March 4, 2012 By V Musafir Ahmad

What the Rainbow Foretold

Souk-Okaz_0A clear rainbow which we witnessed during our trip seemed to bid us bon voyage. Three of us heaved a sigh of relief for having that scenic vision after a long time. Our destination was the famed Ukkath Souk (market) which lies 40 km away from Taif. Ukkath had a great role to play in the history of Arabia during the age of ignorance before the arrival of Islam. It was at this market that the titans of Arab poetry presented their poems. It was a centre for traders, poets, philosophers, artisans, and, all representatives of Arabian society to be engaged in cultural interactions.  The cessation of intertribal war, which happens twice a year, was an occasion for the convention of the market. Seven poets had made a name at that time by making the market resonate with their lines: Imrul Khays, Anthara ibn Shaddad, Suhayr ibn Abi Saleema, Amr ibn Khulsoom, al Harith ibn  Hilisa, Labeed al Amri, Tarafa ibn al Abd. Their poems used to be hung on the roof of Ka’aba. So they were called Sabe al-Muallakath (the seven hung ones). Qualitatively so great were their poems that they were inscribed in silken or golden canvases. This was an example of high esteem in which the Arabs held their poets. Al Kansah, renowned as the queen of dirges, used to recite her poems at Ukkath. Her lines would make the listeners’ eyes brimmed with tears. An oil painting of Khansa sketched by Khalil Gibran seems to bear all dirges she ever wrote. It’s not an exaggeration to say that Ukkath was where the spring of Arabian poetry came about. The Saudi government took steps five years back to recreate the 15-century old souk. An organization committee led by mecca governor and president of souk Ukkath higher supervisory committee prince Khalid al-Faisal attempts to convert the souk into a common venue for the search of different aspects of culture by combining ancient cultural traditions with contemporary social mores. A annual cultural fest, which had been held in five days for the last four years, was organised this year in ten days. (September 20-30).  One of the major events in the fest was the staging of ‘stories from the souk Ukkath.’ it was the historical and poetic play with huge cast of 150 actors, one actress, camels and horses. It was for the first time in my 12 year-long Saudi life that i watched a play there. The play was staged from the beginning to the end of the footpath in the souk. The actors had got under the skin of people in 15th century Arabia. Scenes were fast changing in the ‘screen.’ so do the actors. Most of the spectators were the locals . Dialogues were not spoken out on the stage. They had earlier been recorded. So the actors had to be meticulous in synchronizing their lip movement with the dialogues. Lighting was used to change the scenes. Characters came and went on camels and horses. Some of these animals were part of the play. A large space in the market which occupies about 4000 square meter was the stage for the play.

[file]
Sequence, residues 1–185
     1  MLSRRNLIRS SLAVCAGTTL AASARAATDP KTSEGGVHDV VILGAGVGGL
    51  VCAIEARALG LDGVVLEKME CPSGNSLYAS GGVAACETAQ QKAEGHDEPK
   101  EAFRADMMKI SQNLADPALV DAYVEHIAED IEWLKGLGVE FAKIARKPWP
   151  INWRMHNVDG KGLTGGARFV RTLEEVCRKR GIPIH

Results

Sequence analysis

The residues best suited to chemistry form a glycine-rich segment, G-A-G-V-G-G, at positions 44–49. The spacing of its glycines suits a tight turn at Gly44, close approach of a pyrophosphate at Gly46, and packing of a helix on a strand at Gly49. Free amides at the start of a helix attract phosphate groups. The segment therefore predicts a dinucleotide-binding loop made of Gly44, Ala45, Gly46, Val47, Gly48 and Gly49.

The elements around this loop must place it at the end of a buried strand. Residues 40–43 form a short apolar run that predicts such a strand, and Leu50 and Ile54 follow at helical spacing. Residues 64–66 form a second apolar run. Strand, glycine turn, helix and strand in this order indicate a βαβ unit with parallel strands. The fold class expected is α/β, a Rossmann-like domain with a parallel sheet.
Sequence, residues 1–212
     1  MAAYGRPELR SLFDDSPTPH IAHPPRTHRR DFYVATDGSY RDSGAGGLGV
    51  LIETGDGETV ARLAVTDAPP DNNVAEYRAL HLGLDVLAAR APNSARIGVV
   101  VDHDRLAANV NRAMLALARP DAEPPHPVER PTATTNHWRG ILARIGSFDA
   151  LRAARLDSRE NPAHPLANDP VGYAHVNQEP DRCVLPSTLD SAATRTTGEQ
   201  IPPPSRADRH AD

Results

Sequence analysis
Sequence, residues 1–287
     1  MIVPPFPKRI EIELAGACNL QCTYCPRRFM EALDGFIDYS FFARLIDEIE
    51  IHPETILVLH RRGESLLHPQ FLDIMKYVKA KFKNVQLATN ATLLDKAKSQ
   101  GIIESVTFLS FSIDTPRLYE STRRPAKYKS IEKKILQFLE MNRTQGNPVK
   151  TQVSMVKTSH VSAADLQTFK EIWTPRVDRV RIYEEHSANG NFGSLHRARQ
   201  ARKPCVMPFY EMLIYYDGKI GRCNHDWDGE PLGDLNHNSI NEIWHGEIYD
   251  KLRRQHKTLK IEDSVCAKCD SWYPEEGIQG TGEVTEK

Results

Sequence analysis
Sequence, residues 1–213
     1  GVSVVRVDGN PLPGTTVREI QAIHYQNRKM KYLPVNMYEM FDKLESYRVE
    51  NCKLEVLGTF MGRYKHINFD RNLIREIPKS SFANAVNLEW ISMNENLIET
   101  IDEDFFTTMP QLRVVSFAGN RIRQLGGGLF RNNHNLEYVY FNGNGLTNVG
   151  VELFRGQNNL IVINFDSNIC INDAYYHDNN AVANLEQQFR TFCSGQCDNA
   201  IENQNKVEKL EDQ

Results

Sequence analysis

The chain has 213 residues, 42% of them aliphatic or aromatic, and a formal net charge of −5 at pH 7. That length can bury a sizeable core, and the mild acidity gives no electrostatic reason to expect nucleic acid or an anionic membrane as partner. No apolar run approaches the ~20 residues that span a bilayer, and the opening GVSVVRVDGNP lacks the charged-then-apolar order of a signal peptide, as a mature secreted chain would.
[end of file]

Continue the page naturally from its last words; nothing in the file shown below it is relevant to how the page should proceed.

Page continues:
The play was centred on the anti-war theme in Suhayr ibn Abi Salma’s poems. Suhayr sang how peace transforms human life into a garden. The blind camel in the war front is one of Suhayr’s widely-used metaphors. It’s the blind war itself which this camel represents. Those who see this camel die and those who don’t are the lucky ones who are saved. It’s Suhayr’s lines that were rewritten as the dialogues of the play. Interestingly, all the seven poets who were part of the market appear in the play as characters. The play begins with an altercation between two tribes- an altercation which has taken the tribes to the brink of war. The poets suggest anything but war as a solution to the dispute. Through the details of the dispute, the tribal life of the past is unveiled before the audience. I had a chance in the meantime to speak with Usama Khalid, who has a major role in the play. Khalid was born and brought up in Riyadh. He has appeared as the protagonist in Tash Mathash, A poplar TV satirical series telecast during Ramadan, for the last two years. He appears in the lead roles in popular soap operas in MBC channel. Khalid opined that it was a challenge to do historical plays. When the past is staged, the bloody present needs to be adapted to it too. Or else, the audience will find it boring. When the anti-war theme is grafted in the milieu of Ukkath and the genius of Suhayr, this adaptation of the present to the past happens. ‘From the reaction of the audience, i understand i have communicated what I meant,’ Khalid said. He added that pacifism and peace are the themes that are always contemporary. After I have come back from Ukkath, i telephoned Khalid and said about the rainbow we witnessed on our way to the market. He said, while describing about two girls who had watched the play and had, on Khalid’s eager question as to whether they loved the play, ran away with their blushed cheek: i have seen rainbow on their cheeks.’

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